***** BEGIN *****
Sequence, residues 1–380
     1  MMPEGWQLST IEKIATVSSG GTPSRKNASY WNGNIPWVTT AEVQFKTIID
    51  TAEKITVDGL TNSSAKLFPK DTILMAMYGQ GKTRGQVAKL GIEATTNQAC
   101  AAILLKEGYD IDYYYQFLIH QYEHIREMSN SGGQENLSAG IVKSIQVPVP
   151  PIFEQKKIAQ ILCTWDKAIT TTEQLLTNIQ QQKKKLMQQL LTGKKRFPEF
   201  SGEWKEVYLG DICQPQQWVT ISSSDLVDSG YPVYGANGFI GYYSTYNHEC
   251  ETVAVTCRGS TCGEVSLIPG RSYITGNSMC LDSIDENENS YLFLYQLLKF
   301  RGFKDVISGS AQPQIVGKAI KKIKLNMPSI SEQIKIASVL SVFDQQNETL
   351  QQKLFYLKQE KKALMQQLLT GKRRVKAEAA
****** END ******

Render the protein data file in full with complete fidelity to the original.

Sequence, residues 1–380
     1  MMPEGWQLST IEKIATVSSG GTPSRKNASY WNGNIPWVTT AEVQFKTIID
    51  TAEKITVDGL TNSSAKLFPK DTILMAMYGQ GKTRGQVAKL GIEATTNQAC
   101  AAILLKEGYD IDYYYQFLIH QYEHIREMSN SGGQENLSAG IVKSIQVPVP
   151  PIFEQKKIAQ ILCTWDKAIT TTEQLLTNIQ QQKKKLMQQL LTGKKRFPEF
   201  SGEWKEVYLG DICQPQQWVT ISSSDLVDSG YPVYGANGFI GYYSTYNHEC
   251  ETVAVTCRGS TCGEVSLIPG RSYITGNSMC LDSIDENENS YLFLYQLLKF
   301  RGFKDVISGS AQPQIVGKAI KKIKLNMPSI SEQIKIASVL SVFDQQNETL
   351  QQKLFYLKQE KKALMQQLLT GKRRVKAEAA